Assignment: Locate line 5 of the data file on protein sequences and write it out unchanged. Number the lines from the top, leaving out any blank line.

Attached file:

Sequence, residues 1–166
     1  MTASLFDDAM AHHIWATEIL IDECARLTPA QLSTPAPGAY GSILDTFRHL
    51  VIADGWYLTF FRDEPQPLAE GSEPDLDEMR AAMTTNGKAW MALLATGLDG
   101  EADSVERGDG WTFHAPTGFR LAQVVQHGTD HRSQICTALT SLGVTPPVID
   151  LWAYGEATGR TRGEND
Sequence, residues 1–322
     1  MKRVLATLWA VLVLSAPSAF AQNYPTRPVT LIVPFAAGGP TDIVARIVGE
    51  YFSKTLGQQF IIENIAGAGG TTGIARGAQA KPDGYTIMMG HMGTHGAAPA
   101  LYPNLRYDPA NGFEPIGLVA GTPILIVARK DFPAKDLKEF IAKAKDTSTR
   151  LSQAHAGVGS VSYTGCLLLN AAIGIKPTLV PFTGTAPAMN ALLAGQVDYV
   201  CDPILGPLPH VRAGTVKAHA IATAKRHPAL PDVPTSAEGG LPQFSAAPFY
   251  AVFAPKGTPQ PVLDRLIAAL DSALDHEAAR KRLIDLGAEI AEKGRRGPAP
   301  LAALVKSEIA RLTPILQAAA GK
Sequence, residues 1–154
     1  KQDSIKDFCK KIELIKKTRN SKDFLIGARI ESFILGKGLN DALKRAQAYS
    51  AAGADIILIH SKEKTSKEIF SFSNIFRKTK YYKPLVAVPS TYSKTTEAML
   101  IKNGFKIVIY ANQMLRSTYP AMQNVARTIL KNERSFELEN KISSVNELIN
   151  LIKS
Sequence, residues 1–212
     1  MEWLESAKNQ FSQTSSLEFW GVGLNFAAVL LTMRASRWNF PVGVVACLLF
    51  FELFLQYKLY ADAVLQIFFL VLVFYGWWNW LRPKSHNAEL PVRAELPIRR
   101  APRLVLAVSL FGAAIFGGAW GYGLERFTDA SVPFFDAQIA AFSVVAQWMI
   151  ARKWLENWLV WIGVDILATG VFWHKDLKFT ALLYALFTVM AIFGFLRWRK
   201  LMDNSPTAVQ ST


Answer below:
   151  LWAYGEATGR TRGEND